Common Deal Sourcing Strategies
Let's take a look at 4 common deal sourcing strategies that most investment teams will apply.
Inbound Deal Flow
If your firm's team has a strong track record, they are likely getting bombarded with introductions and one-pagers on companies that are seeking investors. However, it's extremely time-consuming to sift through the pitch decks of fortune seekers and hit rates are low. From an efficiency and reputation point of view you’ll need to process leads and reject quickly if you want time to look beyond your inbox. As the best deals don’t magically land on your doorstep, the reality for most investment teams is that they’ll have to chase promising opportunities if they want to get a foot in the door.
Networking & Events
Similar to the first strategy, your team can benefit from reputation and industry network to get access to deal flow. However, while it is an important strategy to get a way in on certain deals it does not replace the need for proper benchmarking of potential targets. Visiting tech events or being part of the jury of pitching competitions can be a great way to build a network and meet early-stage companies.
For many people on your investment team, most time will be spent on doing desk research. Your team needs to stay up to date on technology trends to identify investment themes and potential targets. This technology scouting process can be very time intensive and probably includes some, if not most, of the following activities:
- Reading up on all the tech news to see if any interesting companies are mentioned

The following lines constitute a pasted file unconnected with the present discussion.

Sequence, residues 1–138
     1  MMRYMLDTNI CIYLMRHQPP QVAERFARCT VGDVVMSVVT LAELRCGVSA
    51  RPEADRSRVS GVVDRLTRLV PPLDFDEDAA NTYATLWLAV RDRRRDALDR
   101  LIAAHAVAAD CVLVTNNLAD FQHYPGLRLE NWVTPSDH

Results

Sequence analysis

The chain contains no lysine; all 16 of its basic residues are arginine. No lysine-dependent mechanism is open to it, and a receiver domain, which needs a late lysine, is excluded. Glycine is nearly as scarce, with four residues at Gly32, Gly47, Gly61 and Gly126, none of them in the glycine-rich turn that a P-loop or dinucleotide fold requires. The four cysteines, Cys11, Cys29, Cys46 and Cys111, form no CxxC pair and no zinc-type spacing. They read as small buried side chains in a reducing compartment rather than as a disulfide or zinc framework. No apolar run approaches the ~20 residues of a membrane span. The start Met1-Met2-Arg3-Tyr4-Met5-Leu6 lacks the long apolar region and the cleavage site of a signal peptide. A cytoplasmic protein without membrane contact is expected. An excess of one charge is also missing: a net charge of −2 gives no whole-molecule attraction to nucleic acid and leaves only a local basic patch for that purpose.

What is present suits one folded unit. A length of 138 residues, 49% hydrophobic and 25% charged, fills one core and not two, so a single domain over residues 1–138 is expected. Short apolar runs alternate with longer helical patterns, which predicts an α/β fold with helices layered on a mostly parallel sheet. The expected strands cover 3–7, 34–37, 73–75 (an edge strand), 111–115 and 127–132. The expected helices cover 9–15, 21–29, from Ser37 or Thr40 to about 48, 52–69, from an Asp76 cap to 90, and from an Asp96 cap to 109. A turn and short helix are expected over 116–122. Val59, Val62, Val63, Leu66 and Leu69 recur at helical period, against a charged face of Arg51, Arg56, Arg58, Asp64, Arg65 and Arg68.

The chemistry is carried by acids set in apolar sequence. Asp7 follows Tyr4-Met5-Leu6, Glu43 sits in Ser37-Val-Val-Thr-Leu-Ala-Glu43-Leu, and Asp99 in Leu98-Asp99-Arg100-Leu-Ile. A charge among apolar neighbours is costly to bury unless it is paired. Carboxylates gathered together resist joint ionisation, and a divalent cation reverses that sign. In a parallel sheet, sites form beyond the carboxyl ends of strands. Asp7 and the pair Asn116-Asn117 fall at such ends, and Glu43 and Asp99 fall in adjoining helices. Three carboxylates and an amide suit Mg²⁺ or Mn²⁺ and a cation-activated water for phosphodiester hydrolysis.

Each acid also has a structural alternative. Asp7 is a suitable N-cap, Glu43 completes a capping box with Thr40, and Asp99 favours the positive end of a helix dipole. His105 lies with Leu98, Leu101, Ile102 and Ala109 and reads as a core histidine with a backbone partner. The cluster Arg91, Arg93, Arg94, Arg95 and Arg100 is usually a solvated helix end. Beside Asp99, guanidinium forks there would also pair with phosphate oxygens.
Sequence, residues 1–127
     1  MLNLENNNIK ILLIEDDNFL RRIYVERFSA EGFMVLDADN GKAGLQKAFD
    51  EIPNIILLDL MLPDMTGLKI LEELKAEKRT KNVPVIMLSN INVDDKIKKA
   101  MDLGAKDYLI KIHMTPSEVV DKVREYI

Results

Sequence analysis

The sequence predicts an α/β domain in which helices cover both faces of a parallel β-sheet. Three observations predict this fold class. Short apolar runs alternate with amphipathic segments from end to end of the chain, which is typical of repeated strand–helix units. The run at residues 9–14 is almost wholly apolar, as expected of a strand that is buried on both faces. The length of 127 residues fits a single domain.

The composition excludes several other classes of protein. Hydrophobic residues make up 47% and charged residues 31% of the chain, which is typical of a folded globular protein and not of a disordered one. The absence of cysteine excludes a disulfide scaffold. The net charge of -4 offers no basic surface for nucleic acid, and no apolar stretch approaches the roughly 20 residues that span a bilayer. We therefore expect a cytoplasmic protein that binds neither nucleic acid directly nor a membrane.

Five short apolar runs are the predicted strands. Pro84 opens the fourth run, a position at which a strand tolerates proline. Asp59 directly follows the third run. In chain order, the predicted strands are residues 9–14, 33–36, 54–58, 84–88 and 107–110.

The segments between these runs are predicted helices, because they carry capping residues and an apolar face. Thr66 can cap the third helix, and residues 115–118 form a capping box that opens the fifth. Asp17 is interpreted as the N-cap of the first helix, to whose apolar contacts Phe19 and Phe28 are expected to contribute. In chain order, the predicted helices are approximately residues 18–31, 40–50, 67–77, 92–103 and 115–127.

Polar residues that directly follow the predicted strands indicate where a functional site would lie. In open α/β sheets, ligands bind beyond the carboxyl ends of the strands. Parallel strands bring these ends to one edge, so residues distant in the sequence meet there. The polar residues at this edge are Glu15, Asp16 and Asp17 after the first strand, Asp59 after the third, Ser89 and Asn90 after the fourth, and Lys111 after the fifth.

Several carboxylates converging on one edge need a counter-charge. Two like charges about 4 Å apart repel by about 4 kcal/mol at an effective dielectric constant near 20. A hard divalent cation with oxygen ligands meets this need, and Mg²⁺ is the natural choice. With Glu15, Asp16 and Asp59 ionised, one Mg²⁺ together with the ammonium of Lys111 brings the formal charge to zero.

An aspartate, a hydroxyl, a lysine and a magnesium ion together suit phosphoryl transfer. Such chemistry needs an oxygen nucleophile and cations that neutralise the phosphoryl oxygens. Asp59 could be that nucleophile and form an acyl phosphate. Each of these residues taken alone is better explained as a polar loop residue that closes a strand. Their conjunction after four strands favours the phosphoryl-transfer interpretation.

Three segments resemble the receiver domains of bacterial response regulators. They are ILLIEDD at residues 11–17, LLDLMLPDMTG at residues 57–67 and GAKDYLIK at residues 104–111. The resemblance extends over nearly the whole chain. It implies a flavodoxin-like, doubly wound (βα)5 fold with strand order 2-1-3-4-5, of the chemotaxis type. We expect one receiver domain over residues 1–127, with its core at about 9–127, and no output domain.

- Manually creating long Excel lists of potential targets
- Looking up and manually enriching these lists with data from a variety of sources
- Sifting through countless company websites to understand their value proposition
- Going back and forth with team members to collect everyone's input on the companies
While the groundwork for any investment team's success is based on solid research, this deal sourcing strategy is definitely the most demanding.
Company databases could probably be considered part of the desk research. However, they are so commonly used in the deal sourcing process that we wanted to mention them separately. There are many databases with company data. Some focus on startups or funding data and others on financial data.
Crunchbase and Pitchbook are probably the most well known data providers and are often used by investment teams to analyze markets and look up companies. In fact, we also love them and often use them ourselves to find certain data points. However, there are limitations to company databases, for example:
- Not Complete: You are limited to the companies in the database, the ones that everyone else can also easily find
- Generic Data: They have a generic taxonomy of industries and verticals making it hard to search for specific technologies.
- Outdated Data: While some databases are more rigorously monitored than others you need to be mindful of outdated data
- Not Customisable: Lacking options to add or customise data based on your own insights
That is why we only use company databases as part of a range of alternative data sources when helping our clients with their deal sourcing.
All in all, these are some of the most common deal sourcing strategies. If you are still with us, you probably know that generating proper deal flow is hard work.
How to Source More Deals
As investment teams look to identify, evaluate, and close on the best deals, deal sourcing is both about quantity and quality. As an investment team it’s important that you can efficiently process large volumes of deal flow. This will help you to identify quality investment opportunities early and to have access to exclusive deals and market insights that are not available through the public domain. But how exactly do you source more deals?